The ASV was the first North American endeavor to make use of this new scholarship, and as usual in major efforts at Biblical translation, they did an admirable job, all things considered.  They gave preference to the LXX when it seemed reasonable to them to do so, and made excellent use of the critical editions of the NT, published by Tregelles and partners Wescott and Hort.  The state of biblical scholarship really hasn’t advanced terribly far beyond these in the 115 years since the ASV’s completion.  It also is, as I said before, an accurate and very literal translation—much like the KJV before it!  For these reasons, it was for a time widely used by both scholars and the public, and it has retained some of its following even today.

However, it’s still not perfect.  American English has changed even more in the past century, and so a bit of a language barrier is present for today’s readers.  On top of this, the ASV is rather tough to find in print these days.  Since the expiration of its copyright, it is readily available in electronic form, but many people (including me) still prefer hard copies of the Bible.  This difficulty in finding one makes it tough to recommend the ASV, but is not as much of a problem as the advances in both OT and NT scholarship since 1901.  As I said above, these haven’t been enormous, but they are nonetheless important.  Rather few relevant NT MSS have surfaced in all that time, but huge numbers of papyri* have, written in Koine Greek—the dialect of the NT.  These have greatly affected our understanding of the dialect, and have thus affected the translation of the NT as well.  Likewise, the Dead Sea Scrolls began to be discovered several decades after the ASV’s publication.  These have not drastically altered the tanakh either, but there are certainly clarifications, confirmations, and further variations to be considered now for the OT, all outside the purview of the ASV.  One more shortcoming was earlier listed as an asset—the ASV’s literalness.  Frankly, this is overrated, and serves to confuse and mislead readers who would be better served with a translation that aims at getting the sense right, rather than methodically replacing word by word as if Hebrew or Greek words had exact equivalents in English.  That’s simply not how language works, and when people don’t understand this, they tend to prefer a translation they are told is more literal because they assume it means more accurate as well.  This is not necessarily so, and in fact excessive literalness tends to yield a less accurate and less understandable translation—hardly conducive to the meticulous study and application of God’s word!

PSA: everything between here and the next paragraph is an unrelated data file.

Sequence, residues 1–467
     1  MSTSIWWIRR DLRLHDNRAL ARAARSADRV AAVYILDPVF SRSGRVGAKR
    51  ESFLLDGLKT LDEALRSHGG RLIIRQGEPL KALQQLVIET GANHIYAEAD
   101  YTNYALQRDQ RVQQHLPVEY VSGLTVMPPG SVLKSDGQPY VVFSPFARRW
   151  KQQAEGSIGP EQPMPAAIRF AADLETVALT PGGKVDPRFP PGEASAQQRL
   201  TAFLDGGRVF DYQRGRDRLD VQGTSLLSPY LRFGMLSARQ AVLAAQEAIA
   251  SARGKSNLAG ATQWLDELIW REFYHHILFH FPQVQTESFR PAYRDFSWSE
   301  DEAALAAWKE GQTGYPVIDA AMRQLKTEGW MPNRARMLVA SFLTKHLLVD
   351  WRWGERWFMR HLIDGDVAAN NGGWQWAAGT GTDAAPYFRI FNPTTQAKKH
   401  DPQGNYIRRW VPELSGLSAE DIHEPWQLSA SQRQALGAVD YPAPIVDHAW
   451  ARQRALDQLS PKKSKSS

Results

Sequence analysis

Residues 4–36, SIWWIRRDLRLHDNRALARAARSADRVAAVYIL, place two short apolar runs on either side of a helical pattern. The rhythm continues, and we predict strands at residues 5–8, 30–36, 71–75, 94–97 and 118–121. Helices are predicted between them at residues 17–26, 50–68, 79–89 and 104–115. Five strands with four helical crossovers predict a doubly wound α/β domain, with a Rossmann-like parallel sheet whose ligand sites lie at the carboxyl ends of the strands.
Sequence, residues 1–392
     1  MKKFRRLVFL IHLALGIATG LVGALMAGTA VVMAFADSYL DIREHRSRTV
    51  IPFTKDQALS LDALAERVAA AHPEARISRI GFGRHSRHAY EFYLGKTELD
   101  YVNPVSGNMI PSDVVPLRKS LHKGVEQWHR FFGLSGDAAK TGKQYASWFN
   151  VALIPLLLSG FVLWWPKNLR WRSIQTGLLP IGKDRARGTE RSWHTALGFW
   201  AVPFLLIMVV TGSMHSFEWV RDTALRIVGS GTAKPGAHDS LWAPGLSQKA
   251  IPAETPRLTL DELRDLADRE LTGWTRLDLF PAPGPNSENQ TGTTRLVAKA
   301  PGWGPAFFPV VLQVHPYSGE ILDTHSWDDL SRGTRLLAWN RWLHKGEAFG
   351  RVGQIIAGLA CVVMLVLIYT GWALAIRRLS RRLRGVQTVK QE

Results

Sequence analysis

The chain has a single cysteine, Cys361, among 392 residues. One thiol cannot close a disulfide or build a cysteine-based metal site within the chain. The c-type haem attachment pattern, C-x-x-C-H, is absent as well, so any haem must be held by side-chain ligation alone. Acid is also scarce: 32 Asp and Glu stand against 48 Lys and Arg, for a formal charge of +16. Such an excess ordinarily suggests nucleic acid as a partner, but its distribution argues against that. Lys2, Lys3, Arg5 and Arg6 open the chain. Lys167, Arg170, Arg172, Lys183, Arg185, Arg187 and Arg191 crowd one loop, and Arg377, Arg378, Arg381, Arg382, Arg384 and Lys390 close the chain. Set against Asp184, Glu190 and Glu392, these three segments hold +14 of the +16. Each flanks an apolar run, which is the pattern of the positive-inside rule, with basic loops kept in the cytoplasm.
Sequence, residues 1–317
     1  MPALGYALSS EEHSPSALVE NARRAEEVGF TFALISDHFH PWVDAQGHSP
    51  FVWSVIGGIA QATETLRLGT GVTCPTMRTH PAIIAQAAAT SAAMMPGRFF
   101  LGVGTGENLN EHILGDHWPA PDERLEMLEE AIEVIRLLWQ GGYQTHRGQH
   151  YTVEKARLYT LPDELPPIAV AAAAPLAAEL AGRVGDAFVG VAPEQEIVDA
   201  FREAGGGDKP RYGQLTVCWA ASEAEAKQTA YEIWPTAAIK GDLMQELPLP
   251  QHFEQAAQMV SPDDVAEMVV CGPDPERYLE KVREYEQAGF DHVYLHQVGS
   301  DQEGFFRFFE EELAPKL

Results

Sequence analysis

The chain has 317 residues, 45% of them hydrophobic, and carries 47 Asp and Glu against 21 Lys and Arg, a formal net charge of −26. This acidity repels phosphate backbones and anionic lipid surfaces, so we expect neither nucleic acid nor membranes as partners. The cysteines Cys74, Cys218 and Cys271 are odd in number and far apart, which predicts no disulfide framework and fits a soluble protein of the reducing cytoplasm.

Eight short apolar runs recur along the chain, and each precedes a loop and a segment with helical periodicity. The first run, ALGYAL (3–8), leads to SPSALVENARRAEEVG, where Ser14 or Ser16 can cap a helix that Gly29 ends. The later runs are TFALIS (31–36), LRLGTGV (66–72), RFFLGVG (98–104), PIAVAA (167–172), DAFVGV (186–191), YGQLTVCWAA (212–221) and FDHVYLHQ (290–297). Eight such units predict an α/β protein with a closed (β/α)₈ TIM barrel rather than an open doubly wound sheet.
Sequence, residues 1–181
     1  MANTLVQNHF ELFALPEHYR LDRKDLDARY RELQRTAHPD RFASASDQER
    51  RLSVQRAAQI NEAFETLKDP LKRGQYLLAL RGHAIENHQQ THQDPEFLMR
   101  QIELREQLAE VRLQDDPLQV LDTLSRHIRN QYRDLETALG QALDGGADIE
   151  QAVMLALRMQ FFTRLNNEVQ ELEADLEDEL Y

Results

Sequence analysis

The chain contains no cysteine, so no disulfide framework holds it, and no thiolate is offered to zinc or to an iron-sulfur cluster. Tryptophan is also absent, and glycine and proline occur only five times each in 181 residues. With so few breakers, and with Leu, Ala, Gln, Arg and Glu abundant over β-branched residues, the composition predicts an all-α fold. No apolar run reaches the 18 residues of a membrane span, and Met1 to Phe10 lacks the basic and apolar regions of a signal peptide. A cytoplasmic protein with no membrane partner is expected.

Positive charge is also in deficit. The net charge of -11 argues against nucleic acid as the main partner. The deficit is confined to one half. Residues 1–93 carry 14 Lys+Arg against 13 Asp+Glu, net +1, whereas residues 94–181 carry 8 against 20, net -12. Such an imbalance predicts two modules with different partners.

These reasons are precisely why the New American Standard Bible exists—to paraphrase the author of Hebrews, if that first ASV had been faultless, then would no place have been sought for a second.  We’ll look at the NASB in more detail in the next installment.

For now, what’s the bottom line on the ASV?  Well it’s a great Bible.  Better than most versions, not as good as some others, and certainly not faultless.  Nevertheless, a perfectly serviceable Bible.  Use it wisely, and don’t be fooled by the appeals to its literalness to make its word final.

 

*Many of these were actually discovered before the ASV was published, but much of their analysis and the realization of their repercussions would have to wait until well into the 20th century.